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While determining the condition for the pair of straight line equation $$ax^2+2hxy+by^2+2gx+2fy+c=0$$ i.e $\quad$$ax^2+2(hy+g)x+(by^2+2fy+c)=0$ $$x=\frac{-2(hy+g)}{2a}\pm\frac{\sqrt{(hy+g)^2-a(by^2+2fy+c)}}{a} $$$$x=\frac{-2(hy+g)}{2a}\pm\frac{\sqrt{(h^2-ab)y^2+2(hg-af)y+(g^2-ac)}}{a}$$ The terms inside square root need to be a perfect square. I understand this. What I do not understand is when the inside square root terms ,quadratic in y is taken to be zero. Because of which its determinant $4(hg-af)^2-4(h^2-ab)(g^2-ac)=0$ becomes the condition for the pair of straight line equation.

I am stuck here. Can someone please help. Thanks.

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3 Answers 3

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If the condition

$$ a x^2 + 2 h x y + b y^2 + 2 g x + 2 f y + c = 0 $$

represents the product of two lines then the set of solutions for this conditions should be one solution point, void or infinite solution points associated to the cases in which we have the two lines intersection, two lines parallel and two lines coincident. With this idea we follow obtaining

$$ x = \frac{gh-af\pm2\sqrt{(g+hy)^2-a(b y^2+2fy+c)}}{2a} $$

If the intersection point is unique then the condition is

$$ (g + h y)^2 - a (c + 2 f y + b y^2) = 0 $$

which gives

$$ y = \frac{gh-af\pm\sqrt{a^2 f^2 + a b g^2 - 2 a f g h + a c h^2-a^2 b c}}{ab-h^2} $$

but again if the intersection point is unique we should have

$$ a^2 f^2 + a b g^2 - 2 a f g h + a c h^2-a^2 b c = 0 $$

or

$$ c = \frac{a f^2+b g^2-2 f g h}{a b-h^2} $$

The condition for distinct parallel lines follow as

$$ a b -h^2 = 0 $$

Another approach:

Assuming $a \ne 0$ and dividing $ax^2+2hxy+by^2+2gx+2fy+c=0$ by $a$ we have

$$ x^2+b' y^2 + c' + 2 f' y + 2 g'x +2 h' xy = (x+c_1 y + c_2)(x+d_1 y + d_2) $$

after equating coefficients and solving for $c_1,c_2,d_1,d_2$ we have the conditions

$$ \cases{h'^2-b' > 0\\ c' = -\frac{f'^2-b' g'^2-2f' g' h'}{h'^2-b'}} $$

such that the two lines equivalence is feasible.

or equivalently

$$ \cases{ h^2-a b > 0\\ c = \frac{a f^2+b g^2-2f g h}{a b -h^2} } $$

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  • $\begingroup$ Could you specify if it's necesssary to use $c = \frac{a f^2+b g^2-2 f g h}{a b-h^2}$ to conclude that for there to not be a meeting point, c has to be undefined and thus $h^2-ab=0$? That can be deducted straight from $y = \frac{gh-af\pm\sqrt{a^2 f^2 + a b g^2 - 2 a f g h + a c h^2-a^2 b c}}{ab-h^2}$, (as in, there wouldn't be a defined y-coordinate for a meeting point if $h^2=ab$), and I was wondering why it was derived from looking at the expression for c, since this seems more direct and intuitive. Great answer, anyway! $\endgroup$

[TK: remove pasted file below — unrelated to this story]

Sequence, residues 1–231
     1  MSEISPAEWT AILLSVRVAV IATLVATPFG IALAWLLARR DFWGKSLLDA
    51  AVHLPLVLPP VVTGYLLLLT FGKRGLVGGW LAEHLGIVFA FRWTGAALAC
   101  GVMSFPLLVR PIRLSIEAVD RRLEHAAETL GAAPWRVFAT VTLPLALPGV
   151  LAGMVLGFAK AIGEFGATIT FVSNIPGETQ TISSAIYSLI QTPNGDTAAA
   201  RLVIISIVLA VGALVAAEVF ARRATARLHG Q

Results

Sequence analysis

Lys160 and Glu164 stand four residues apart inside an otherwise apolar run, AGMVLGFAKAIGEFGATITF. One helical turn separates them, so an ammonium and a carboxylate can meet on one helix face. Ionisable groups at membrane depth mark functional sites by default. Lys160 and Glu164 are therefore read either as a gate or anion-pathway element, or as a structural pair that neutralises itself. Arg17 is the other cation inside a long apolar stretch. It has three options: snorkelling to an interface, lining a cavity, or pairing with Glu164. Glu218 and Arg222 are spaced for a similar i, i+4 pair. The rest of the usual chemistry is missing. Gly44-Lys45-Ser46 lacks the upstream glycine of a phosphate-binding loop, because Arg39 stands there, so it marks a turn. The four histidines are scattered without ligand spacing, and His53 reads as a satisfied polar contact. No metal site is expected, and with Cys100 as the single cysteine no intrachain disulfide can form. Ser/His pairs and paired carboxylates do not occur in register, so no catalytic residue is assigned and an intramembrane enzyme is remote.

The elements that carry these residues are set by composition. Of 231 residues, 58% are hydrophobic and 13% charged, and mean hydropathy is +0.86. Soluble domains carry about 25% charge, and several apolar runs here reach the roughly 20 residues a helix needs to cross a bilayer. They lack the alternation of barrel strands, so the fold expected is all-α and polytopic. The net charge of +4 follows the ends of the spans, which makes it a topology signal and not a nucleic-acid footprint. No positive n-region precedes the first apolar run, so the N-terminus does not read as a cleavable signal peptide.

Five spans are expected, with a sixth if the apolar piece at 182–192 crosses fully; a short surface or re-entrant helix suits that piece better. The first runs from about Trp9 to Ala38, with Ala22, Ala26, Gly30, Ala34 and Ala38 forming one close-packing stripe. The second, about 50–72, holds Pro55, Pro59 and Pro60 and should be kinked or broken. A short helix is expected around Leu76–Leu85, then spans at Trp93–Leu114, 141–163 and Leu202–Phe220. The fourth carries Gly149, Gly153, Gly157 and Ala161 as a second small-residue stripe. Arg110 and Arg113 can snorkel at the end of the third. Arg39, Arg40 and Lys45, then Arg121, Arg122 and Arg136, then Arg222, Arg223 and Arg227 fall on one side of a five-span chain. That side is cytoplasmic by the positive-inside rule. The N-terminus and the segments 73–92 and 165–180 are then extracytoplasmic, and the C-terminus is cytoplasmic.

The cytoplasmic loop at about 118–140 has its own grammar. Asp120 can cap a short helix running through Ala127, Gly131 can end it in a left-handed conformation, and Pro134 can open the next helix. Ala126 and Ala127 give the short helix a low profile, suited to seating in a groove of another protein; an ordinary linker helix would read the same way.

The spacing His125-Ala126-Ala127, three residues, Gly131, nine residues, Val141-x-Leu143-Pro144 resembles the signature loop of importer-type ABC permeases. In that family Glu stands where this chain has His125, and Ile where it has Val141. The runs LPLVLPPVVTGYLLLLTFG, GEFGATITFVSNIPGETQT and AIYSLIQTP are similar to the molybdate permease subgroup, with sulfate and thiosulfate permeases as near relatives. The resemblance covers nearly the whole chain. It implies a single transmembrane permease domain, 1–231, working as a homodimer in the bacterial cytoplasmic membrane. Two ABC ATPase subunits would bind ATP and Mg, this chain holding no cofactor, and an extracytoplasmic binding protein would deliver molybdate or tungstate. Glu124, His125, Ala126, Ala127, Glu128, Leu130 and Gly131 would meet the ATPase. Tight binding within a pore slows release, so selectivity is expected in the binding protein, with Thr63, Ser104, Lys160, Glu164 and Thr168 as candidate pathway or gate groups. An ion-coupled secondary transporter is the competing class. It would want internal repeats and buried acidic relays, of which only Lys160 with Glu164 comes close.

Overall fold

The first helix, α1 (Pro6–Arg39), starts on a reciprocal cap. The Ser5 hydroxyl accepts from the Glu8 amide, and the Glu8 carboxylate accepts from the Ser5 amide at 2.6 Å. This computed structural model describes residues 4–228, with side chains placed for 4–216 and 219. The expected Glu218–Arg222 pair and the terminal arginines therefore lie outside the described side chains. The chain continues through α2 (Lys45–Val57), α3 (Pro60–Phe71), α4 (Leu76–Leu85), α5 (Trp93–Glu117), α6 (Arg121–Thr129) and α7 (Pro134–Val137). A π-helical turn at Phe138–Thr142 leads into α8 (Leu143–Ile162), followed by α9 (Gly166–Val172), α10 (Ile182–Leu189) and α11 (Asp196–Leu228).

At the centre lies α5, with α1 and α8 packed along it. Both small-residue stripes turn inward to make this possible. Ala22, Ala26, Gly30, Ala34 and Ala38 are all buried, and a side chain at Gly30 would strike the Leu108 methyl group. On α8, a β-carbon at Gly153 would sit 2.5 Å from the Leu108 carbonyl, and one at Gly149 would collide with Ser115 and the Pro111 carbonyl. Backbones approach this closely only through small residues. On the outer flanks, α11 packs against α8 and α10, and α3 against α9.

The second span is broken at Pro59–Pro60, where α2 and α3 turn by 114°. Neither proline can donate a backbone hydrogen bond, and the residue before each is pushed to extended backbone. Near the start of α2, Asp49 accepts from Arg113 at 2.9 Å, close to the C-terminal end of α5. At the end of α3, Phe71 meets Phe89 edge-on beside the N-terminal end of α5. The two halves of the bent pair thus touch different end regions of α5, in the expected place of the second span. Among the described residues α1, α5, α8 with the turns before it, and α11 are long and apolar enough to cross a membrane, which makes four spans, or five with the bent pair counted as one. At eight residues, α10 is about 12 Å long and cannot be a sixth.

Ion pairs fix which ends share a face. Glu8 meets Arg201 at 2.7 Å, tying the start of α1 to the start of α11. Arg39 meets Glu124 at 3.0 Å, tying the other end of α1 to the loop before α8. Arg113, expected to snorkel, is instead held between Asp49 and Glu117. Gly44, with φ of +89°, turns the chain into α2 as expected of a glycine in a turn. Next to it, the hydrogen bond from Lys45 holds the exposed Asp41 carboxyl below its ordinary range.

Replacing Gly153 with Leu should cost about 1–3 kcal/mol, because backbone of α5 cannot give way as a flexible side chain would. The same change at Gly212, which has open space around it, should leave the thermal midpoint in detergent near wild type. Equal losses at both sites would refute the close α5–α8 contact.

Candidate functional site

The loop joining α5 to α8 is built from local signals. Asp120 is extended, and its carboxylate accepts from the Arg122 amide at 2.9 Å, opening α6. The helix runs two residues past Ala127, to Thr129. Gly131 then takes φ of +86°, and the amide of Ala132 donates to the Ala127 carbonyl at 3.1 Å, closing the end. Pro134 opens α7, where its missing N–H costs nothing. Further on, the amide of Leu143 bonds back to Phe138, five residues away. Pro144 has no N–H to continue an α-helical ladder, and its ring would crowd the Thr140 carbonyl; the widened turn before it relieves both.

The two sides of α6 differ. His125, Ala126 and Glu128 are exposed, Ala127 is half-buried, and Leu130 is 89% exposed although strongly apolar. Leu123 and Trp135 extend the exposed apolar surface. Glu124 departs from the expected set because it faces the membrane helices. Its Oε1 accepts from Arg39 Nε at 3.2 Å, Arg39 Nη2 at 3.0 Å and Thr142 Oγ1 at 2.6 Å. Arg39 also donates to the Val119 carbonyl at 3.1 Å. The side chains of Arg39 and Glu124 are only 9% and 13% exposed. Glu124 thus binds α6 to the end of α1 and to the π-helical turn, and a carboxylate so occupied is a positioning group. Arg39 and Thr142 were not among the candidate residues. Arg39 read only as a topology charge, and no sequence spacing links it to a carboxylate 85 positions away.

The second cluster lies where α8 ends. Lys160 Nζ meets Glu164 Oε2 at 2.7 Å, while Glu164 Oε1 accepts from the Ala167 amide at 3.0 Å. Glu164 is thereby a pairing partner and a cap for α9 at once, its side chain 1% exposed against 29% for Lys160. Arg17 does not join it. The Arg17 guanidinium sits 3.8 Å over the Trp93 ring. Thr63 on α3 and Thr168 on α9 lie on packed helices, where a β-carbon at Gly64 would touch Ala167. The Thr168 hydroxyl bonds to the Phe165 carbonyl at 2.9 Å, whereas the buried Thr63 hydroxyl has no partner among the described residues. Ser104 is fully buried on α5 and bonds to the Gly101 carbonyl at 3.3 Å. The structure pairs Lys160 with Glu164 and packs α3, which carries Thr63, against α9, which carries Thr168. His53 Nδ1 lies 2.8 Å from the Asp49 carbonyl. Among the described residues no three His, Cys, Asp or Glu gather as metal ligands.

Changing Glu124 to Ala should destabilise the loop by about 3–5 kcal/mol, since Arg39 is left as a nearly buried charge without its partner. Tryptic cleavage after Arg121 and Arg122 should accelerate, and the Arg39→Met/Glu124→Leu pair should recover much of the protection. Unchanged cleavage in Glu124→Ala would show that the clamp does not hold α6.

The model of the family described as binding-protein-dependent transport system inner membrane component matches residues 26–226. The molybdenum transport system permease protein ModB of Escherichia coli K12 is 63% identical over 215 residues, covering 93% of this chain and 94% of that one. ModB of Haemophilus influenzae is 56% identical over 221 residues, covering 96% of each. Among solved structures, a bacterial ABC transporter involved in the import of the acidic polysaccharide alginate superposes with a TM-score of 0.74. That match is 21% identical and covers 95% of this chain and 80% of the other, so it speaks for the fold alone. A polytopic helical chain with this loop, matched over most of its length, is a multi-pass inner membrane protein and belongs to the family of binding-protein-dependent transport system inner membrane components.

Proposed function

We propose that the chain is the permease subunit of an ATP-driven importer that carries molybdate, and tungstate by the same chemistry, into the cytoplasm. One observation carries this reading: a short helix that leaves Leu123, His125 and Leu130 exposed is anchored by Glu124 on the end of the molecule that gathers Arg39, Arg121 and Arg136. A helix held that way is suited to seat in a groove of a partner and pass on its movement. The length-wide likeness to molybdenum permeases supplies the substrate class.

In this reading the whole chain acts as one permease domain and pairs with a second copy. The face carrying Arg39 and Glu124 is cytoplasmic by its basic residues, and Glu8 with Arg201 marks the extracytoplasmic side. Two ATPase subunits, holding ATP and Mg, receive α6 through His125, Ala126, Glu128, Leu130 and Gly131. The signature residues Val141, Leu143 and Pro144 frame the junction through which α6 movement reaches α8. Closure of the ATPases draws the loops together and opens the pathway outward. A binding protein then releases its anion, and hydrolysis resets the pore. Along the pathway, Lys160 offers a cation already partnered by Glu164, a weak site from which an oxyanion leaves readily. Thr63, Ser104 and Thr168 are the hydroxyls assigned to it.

– harry
    Commented Aug 10, 2021 at 1:50
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For $A\ge0,$

$$Ax^2+Bx+C=A(x+B/2A)^2+C-B^2/4A$$ will be perfect square for all real values of $x$ iff $$C-B^2/4A=0$$

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  • $\begingroup$ If I am not wrong , $Ax^2+Bx+C = (\sqrt{A}x+\frac{B}{\sqrt{A}2})^2-(\frac{B^2-4AC}{4A})$. Hence L.H.S is always a perfect square whenever $B^2-4AC =0$. $\endgroup$ Commented Nov 15, 2019 at 3:29
  • $\begingroup$ @Rajesh, I have consciously kept $A$ outside the square. $\endgroup$ Commented Nov 15, 2019 at 4:07
  • $\begingroup$ Thanks for the reply. R.H.S=$A(x+\frac{B}{2A})^2-(\frac{B^2-4AC}{4A})=0$ , why is that only if the 2nd term is removed, it will be a perfect square. That is, it is not necessary $B^2-4AC=0 $, will make it a perfect square, for e.g $4^2-7=3^2, 6^2-11=5^2 , 23^2-45=22^2 $ and so on.... $\endgroup$ Commented Nov 15, 2019 at 13:38
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The equation (ax+by+cz)(dx+ey+fz)=0 when multiplied out is a homogeneous quadratic in x, y, z, and therefore it is the equation of a conic.

May suppose then that the quadratic is the conic whose equation is $ax^2+by^2+cz^2+2fyz+2gzx+2hxy=o$.

The condition for the conic to be two straight lines (assumed distinct) is that the determinant of coefficients vanishes viz $\begin{vmatrix} a & h & g \\ h & b & f \\ g & f & c \end{vmatrix}=0$

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  • $\begingroup$ Hi, welcome to MSE! In the future, using MathJax to format your posts can make them easier to read, and thus appreciate. :) $\endgroup$
    – jgon
    Commented Nov 26, 2019 at 23:27
  • $\begingroup$ Thank you; have amended as suggested $\endgroup$ Commented Nov 27, 2019 at 5:55

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